The test can be taken in a doctor’s office or self-administered at home, but must be ordered by a healthcare provider who can prescribe medication. The sample is sent to the GeneSight lab for analysis, and test results are sent to the provider in about two days. Many insurance companies will help cover the cost, and 95 percent of patients pay $330 or less for their GeneSight test.

Even with its unique ability to provide insight on how a patient’s body may break down or respond to a specific psychiatric drug, the GeneSight test is not intended to be used solely to determine treatment. “There are so many factors that can affect your mood, and there are so many factors that can affect how medications work,” Dr. Miller says. As an integrative medicine physician, she recommends a holistic approach to finding the best treatment. “I try to get my patients to clean up their diet and exercise, and I talk about the benefits of cognitive behavioral therapy, where they can discuss past experiences and traumas that can affect anxiety and depression,” she explains. She considers the GeneSight test to be one part of figuring out an overall treatment plan.

Interpreting Results

Once your doctor receives the test results, medications are placed into one of three categories: Red for significant gene-drug interactions; yellow for moderate gene-drug interactions; and green for medications that the body is expected to metabolize or respond to normally based on a patient’s genetics.

According to her results, Anna’s body metabolizes certain psychiatric medications slowly, causing horrible side effects. “Receiving reassurance that [the side effects were a result of] how my own body was reacting [and metabolizing] and not my anxiety made me feel so much better,” she says. “I thought I was being difficult, or I was strange and the anxiety was getting the best of me. I did not realize it had to do with my body.” The test revealed that the two medications in her green category were ones she’d never taken before.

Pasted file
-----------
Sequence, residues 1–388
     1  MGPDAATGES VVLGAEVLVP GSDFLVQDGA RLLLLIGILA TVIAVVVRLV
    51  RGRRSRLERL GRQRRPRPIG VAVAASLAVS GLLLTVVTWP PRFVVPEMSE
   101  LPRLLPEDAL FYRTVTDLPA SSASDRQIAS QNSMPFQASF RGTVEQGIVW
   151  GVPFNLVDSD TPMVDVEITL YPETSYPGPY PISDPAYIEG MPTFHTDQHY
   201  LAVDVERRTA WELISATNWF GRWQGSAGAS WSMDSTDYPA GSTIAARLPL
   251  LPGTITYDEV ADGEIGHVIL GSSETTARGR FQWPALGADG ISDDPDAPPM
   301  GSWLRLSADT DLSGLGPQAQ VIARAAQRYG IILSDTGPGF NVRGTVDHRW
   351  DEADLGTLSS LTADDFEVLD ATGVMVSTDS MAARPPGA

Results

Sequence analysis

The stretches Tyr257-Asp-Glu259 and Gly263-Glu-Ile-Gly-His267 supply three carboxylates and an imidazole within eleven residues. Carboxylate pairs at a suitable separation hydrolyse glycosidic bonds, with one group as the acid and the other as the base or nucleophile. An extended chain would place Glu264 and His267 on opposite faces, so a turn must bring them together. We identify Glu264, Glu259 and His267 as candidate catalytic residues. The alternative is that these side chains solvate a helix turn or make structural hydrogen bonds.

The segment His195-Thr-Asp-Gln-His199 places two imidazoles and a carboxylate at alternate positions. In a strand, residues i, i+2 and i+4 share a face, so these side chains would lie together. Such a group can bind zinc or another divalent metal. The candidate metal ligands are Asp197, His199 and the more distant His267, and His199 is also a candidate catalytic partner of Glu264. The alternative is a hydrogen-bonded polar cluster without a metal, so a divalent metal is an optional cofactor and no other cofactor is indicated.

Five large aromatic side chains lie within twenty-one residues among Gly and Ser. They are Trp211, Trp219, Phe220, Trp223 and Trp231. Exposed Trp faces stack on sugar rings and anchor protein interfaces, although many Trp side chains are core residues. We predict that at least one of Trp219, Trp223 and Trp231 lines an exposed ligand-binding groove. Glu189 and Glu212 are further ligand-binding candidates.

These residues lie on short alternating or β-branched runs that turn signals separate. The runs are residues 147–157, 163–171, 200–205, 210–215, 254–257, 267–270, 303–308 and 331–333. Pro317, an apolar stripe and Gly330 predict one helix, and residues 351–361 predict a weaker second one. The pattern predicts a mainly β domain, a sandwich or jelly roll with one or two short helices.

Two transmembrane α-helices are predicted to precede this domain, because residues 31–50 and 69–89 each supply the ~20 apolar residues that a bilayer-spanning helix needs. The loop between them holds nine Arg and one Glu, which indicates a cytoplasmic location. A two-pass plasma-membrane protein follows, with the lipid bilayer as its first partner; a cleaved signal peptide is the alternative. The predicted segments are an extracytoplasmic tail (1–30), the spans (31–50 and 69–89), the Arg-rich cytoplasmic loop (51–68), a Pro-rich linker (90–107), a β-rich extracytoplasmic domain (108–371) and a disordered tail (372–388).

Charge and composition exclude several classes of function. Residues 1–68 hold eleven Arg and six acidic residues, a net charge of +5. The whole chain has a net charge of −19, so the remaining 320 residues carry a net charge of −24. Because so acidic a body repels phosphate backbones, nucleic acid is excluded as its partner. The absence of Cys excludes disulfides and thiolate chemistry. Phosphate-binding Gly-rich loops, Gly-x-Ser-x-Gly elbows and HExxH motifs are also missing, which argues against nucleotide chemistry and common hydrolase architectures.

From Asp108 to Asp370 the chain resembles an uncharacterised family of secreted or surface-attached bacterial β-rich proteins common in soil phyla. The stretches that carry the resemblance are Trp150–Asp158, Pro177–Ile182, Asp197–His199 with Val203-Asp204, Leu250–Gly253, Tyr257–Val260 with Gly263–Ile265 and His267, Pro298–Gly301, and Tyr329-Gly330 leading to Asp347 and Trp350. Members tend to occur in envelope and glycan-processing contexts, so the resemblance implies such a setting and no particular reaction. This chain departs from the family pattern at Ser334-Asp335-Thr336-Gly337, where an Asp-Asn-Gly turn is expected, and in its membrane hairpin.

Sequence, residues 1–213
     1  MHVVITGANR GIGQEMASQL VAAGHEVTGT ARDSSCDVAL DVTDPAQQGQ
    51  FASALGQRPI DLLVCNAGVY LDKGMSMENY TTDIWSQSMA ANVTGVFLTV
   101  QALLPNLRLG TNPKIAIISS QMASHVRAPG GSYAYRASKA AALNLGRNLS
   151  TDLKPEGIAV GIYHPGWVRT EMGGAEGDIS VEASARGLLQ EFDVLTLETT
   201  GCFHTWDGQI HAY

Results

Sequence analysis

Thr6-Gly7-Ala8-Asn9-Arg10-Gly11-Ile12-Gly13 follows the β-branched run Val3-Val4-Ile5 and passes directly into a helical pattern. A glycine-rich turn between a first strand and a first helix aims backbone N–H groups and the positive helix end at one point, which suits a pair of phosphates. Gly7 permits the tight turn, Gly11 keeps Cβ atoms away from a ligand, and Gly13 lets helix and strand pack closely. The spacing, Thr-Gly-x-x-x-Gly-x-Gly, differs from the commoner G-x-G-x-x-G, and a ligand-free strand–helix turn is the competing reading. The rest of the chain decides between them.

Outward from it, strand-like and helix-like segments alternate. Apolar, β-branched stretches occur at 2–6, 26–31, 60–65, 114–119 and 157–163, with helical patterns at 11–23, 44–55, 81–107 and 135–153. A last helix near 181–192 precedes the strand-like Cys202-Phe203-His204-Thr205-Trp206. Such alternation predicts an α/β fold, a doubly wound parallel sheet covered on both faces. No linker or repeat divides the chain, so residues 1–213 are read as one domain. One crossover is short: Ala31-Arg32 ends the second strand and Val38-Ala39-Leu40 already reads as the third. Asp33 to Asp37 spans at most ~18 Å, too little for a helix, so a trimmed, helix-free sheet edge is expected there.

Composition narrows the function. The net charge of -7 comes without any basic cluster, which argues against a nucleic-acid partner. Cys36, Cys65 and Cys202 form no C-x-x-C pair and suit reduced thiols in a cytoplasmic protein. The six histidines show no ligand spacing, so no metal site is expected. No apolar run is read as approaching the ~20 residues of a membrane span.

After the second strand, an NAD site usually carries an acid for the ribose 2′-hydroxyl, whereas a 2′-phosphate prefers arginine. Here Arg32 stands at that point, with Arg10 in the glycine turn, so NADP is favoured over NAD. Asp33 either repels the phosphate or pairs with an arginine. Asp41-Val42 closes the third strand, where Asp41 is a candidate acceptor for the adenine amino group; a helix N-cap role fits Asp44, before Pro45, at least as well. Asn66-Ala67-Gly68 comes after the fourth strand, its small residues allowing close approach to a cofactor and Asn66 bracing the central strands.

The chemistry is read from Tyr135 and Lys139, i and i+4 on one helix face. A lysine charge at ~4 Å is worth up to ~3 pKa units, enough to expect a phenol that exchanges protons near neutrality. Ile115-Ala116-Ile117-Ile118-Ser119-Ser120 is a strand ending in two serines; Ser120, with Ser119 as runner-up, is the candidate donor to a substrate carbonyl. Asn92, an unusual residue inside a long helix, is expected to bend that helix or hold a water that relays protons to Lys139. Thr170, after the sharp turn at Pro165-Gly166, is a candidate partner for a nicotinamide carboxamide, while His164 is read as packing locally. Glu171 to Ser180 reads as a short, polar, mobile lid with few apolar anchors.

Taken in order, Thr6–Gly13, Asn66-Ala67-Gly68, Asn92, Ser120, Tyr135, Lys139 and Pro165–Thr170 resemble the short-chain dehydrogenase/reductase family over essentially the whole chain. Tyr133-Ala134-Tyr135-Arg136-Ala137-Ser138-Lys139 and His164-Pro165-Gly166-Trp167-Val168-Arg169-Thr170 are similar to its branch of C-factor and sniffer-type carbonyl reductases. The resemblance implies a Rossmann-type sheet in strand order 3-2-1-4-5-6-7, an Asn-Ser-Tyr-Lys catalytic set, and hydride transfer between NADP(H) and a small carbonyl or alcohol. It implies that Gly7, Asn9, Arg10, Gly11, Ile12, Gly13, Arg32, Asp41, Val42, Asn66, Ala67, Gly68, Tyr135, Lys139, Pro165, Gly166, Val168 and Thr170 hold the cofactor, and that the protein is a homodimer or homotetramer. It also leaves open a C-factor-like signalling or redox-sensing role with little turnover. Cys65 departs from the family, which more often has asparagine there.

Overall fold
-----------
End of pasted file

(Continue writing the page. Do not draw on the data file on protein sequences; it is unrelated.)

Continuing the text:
Within two weeks of being on the new medication, her side effects were gone. “I felt instant gratification and relief knowing I had found something that will work for me,” Anna says.

“The GeneSight test has changed how I view medicine,” she says. “I used to feel like a guinea pig, and that [my doctors] were just kind of guessing. This sort of tool can really help guide them. It’s so beneficial for everyone, for doctors as well as patients—especially, anyone nervous to put anything in their body. I wish I had known about it a long time ago and I tell so many people now.”

Today Anna finds her anxiety is much more manageable. “I used to have panic and anxiety attacks every day at work and when I was with my daughter out in public, but now it’s very rare that I have one,” she says. “I’m a lot more laid back, less on edge, and more of a people person.” With a clearer understanding of how her body processes and responds to certain medications, Anna’s no longer worried about her future—and that’s a huge relief.

*To protect her privacy, only the patient’s first name was used in this story.

The GeneSight test must be ordered by and used only in consultation with a healthcare provider who can prescribe medications. Do not make any changes to your current medications or dosing without consulting your healthcare provider. As with all genetic tests, the GeneSight test results have limitations and do not constitute medical advice. The test results are designed to be just one part of a larger, complete patient assessment, which would include proper diagnosis and consideration of your medical history, other medications you may be taking, your family history, and other factors.